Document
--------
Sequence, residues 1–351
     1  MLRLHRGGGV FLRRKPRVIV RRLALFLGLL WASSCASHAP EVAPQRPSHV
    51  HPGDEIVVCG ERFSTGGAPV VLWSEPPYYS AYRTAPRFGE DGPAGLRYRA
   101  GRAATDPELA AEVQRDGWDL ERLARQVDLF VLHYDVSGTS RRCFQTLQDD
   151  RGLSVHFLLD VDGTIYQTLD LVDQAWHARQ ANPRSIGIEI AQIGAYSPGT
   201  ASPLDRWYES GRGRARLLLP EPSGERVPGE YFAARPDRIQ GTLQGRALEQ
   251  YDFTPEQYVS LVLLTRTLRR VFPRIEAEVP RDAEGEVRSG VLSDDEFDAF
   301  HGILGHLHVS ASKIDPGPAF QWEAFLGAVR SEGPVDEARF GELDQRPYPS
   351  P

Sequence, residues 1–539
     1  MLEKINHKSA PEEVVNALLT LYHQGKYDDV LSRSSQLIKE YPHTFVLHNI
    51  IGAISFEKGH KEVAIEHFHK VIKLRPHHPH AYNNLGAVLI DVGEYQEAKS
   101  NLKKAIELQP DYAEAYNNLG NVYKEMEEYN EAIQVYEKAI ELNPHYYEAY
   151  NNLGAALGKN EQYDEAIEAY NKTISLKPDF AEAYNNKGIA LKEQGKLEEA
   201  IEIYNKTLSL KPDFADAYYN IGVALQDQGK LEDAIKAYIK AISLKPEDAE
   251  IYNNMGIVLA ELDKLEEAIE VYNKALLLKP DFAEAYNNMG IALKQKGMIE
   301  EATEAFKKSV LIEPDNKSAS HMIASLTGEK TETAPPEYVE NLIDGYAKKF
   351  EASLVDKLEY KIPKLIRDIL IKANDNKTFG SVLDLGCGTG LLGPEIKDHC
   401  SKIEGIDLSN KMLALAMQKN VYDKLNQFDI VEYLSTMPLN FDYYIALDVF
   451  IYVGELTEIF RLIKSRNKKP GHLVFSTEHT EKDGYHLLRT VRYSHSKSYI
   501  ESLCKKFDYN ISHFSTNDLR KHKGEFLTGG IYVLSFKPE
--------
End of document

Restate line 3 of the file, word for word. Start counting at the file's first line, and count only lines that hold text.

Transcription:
    51  HPGDEIVVCG ERFSTGGAPV VLWSEPPYYS AYRTAPRFGE DGPAGLRYRA